Tell us about your new book, THE HORSEMAN'S BRIDE.

My new historical, THE HORSEMAN'S BRIDE, is an April 2009 release from Harlequin Historicals. Although the story can stand on its own for new readers, those of you who've met the Seavers and Gustavson families in THE BORROWED BRIDE and HIS SUBSTITUTE BRIDE will be happy to know that Clara, now 19, finally gets her own story.

Why did you set this story in 1919, instead of the traditional Old West?

My first reason was practical. Clara, my heroine, was a newborn in THE BORROWED BRIDE (set in 1899) and a young child in HIS SUBSTITUTE BRIDE (set in 1906). She deserved her own story. But first she needed time to grow up. There are other reasons as well. I find the early 1900s fascinating. The world was changing so fast, with the old ways and new ways existing side by side. If you've seen the movie Legends of the Fall you'll understand why I love this time period for a Western setting. I also feel strongly connected to this time because I've known people who were alive then. Jace and Clara could have been the ages of my grandparents.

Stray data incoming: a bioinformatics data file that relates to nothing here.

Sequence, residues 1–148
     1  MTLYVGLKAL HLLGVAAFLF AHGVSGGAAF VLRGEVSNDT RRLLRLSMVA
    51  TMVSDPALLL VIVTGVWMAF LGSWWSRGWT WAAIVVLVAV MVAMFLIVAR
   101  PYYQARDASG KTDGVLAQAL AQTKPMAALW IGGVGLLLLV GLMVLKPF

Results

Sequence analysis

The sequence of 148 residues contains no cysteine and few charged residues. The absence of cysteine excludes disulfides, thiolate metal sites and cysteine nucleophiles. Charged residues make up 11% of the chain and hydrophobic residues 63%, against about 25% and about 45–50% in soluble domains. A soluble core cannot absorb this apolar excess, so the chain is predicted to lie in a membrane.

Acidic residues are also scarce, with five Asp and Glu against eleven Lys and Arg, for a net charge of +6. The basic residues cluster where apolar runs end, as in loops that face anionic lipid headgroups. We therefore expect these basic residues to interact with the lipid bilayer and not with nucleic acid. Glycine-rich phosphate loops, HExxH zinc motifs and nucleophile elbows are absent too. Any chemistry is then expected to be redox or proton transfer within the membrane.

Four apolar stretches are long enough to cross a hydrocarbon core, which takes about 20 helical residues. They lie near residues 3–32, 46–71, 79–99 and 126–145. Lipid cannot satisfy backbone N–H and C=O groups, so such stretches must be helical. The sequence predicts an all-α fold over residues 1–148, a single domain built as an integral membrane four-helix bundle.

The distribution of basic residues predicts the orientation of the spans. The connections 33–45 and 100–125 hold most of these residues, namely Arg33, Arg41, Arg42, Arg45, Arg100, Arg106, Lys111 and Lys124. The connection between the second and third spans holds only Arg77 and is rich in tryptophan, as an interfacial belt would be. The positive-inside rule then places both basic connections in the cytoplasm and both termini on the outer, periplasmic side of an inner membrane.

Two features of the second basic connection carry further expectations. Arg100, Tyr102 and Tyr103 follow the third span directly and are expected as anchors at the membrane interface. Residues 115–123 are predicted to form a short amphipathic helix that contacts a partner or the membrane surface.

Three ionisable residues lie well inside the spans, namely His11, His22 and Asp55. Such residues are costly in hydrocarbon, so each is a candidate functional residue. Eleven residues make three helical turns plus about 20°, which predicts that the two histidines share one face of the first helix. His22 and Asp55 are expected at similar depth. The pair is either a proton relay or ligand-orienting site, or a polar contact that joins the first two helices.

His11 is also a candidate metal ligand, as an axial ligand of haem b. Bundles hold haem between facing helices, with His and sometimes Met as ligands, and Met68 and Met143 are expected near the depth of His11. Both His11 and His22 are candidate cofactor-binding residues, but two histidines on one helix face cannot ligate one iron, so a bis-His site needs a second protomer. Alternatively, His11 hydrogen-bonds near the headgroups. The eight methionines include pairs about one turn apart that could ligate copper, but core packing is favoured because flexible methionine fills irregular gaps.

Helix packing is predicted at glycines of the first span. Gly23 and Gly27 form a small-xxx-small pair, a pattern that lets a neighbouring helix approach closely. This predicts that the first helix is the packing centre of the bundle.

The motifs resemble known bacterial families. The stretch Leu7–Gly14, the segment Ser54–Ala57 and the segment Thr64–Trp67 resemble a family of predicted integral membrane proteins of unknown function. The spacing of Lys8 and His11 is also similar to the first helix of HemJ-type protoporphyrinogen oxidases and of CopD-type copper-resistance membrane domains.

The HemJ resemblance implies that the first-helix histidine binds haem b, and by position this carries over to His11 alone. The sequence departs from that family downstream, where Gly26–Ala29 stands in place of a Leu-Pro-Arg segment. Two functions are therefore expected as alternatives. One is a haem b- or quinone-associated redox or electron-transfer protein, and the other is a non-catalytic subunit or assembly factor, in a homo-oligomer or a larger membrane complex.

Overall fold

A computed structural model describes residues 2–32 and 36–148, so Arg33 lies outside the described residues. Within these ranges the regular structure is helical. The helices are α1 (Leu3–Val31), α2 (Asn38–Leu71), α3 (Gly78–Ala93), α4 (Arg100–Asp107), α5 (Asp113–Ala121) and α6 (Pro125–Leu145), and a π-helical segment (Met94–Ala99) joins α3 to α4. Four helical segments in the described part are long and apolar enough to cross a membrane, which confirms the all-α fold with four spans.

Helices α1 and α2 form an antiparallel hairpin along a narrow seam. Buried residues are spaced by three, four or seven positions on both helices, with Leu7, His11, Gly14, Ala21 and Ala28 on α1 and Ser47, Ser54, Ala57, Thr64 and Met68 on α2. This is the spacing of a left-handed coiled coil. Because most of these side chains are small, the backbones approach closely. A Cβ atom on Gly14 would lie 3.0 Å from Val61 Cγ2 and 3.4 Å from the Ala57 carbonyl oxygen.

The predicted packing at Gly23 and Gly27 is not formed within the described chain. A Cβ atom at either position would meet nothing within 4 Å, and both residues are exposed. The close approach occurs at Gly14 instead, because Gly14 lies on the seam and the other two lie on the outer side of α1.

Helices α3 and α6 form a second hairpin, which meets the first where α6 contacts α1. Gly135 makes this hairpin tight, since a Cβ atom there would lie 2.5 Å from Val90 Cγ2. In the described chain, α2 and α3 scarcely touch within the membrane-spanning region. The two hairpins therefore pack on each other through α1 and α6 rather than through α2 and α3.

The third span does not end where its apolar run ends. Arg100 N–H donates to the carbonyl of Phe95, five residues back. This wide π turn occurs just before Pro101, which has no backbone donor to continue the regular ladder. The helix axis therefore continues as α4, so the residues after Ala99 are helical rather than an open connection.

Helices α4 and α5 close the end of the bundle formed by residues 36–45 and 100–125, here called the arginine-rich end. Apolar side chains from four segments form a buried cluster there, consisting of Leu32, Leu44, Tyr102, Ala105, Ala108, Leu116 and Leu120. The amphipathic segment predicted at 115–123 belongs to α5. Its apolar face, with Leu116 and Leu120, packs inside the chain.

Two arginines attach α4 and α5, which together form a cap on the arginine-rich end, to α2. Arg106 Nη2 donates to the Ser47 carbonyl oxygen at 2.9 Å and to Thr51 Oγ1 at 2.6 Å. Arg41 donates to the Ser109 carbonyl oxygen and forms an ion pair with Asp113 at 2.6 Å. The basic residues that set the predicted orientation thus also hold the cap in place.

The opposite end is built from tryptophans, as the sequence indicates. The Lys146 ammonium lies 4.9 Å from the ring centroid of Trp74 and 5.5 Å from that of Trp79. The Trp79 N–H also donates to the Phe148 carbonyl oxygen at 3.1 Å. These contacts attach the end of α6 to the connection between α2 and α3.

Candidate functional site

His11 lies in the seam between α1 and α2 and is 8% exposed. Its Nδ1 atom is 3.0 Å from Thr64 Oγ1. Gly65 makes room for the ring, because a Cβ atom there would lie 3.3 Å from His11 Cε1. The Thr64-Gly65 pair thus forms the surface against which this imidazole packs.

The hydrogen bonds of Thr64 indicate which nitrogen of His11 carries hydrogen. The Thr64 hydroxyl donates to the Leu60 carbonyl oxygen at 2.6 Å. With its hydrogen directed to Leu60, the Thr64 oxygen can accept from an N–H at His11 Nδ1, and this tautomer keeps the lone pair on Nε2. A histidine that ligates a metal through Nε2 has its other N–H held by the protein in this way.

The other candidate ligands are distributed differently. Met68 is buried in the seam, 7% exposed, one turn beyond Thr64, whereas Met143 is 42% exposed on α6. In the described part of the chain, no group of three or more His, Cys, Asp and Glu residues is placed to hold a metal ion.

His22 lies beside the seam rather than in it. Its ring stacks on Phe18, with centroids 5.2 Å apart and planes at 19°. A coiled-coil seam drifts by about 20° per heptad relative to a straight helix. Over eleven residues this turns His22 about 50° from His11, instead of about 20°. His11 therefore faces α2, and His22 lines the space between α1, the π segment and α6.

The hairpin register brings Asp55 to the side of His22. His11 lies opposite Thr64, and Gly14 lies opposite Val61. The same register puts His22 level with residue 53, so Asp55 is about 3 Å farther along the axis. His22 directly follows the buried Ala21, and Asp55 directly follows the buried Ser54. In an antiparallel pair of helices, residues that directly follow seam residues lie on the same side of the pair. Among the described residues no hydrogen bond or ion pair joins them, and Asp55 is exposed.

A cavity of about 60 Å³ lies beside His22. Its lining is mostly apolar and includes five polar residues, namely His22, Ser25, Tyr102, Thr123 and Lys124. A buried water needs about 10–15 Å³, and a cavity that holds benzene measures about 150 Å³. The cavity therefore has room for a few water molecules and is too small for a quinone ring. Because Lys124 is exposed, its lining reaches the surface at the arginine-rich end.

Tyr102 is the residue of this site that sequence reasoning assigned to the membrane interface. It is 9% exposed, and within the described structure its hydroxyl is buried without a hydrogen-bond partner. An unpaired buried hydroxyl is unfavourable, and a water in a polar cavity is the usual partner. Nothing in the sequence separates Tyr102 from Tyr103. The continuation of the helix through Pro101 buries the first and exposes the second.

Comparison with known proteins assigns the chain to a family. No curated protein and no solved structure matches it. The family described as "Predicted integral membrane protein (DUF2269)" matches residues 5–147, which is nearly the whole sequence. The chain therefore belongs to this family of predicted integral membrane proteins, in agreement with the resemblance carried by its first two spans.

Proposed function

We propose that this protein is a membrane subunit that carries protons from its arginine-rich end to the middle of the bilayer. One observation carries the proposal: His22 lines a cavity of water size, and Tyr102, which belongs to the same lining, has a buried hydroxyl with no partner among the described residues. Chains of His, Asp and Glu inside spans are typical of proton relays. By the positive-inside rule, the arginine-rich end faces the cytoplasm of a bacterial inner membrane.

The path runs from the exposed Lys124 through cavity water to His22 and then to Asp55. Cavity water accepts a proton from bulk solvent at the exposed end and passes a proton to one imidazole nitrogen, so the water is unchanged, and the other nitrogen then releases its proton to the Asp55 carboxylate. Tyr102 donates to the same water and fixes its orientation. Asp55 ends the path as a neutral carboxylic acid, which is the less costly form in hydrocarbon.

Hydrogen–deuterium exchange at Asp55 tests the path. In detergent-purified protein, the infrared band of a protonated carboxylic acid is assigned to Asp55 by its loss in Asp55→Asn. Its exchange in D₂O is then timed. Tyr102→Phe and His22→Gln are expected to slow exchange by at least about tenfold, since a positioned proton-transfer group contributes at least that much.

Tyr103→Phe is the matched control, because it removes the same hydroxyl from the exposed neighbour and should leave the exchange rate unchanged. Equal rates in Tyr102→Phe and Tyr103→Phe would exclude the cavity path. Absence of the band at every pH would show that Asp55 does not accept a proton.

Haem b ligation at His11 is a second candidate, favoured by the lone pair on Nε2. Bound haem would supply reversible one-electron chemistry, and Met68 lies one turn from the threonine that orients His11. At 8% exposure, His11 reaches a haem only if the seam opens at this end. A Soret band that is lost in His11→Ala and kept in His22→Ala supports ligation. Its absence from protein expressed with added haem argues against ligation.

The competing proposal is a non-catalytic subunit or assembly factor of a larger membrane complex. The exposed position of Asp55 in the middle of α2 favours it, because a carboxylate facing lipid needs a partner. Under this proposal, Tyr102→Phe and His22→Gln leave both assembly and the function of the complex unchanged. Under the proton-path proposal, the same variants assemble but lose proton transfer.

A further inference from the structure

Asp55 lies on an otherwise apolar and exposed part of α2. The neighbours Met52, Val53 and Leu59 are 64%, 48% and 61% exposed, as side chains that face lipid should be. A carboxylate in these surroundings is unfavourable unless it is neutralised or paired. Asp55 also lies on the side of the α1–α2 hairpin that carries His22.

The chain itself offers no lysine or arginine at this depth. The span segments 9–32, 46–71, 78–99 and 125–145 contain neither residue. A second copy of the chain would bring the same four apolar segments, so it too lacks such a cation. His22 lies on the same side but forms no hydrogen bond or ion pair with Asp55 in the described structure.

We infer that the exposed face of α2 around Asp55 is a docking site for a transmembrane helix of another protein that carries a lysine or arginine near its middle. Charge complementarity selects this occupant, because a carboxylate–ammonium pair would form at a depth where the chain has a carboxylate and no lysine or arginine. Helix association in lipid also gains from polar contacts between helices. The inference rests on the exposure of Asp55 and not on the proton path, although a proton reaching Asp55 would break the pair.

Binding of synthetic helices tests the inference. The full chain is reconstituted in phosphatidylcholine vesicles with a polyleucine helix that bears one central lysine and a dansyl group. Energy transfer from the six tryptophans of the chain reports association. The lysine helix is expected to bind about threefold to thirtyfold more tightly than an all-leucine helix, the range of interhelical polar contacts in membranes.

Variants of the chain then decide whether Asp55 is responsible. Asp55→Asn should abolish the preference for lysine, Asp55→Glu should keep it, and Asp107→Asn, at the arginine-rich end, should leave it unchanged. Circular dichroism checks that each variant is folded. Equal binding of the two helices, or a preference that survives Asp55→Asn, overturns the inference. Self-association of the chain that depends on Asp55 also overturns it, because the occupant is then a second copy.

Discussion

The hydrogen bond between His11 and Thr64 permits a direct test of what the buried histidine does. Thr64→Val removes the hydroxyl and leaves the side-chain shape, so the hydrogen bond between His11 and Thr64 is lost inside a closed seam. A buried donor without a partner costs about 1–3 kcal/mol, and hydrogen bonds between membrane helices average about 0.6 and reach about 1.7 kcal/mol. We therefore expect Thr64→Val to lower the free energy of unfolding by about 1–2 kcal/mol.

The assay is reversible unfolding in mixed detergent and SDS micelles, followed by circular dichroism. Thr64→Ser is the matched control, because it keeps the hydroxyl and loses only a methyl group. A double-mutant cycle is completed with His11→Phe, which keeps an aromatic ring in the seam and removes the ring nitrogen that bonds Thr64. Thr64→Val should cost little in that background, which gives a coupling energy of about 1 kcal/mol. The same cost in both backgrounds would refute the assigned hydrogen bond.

What can your readers expect next?

I'd planned to end this series with THE HORSEMAN'S BRIDE. Then a stunning, strong-willed woman strode into the last chapter of the book, and I knew I wasn't finished. Those of you who've read, or will read THE HORSEMAN'S BRIDE, will be happy to know that Ruby gets her story. Look for my next "Bride" title in late 2010 or early 2011.

After that, I'll be leaving Dutchman's Creek, Colorado for the northern California coast and a haunting post-gold rush story that I can't wait to write.

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Thanks for stopping by, Elizabeth! She will be here all week to answer questions about her latest historical romance novel. In particular, what do you think of the 1919 setting? Does it evoke feelings of Legends of the Fall (featuring one very young and steamy Brad Pitt) or is it too "modern" for a western historical? I'll draw the random winner next Sunday. Void where prohibited. Best of luck!

From THE HORSEMAN'S BRIDE by Elizabeth Lane; Copyright ©2010.
® and TM are trademarks of the publisher. The edition published by arrangement with Harlequin Books S.A.

9 comments: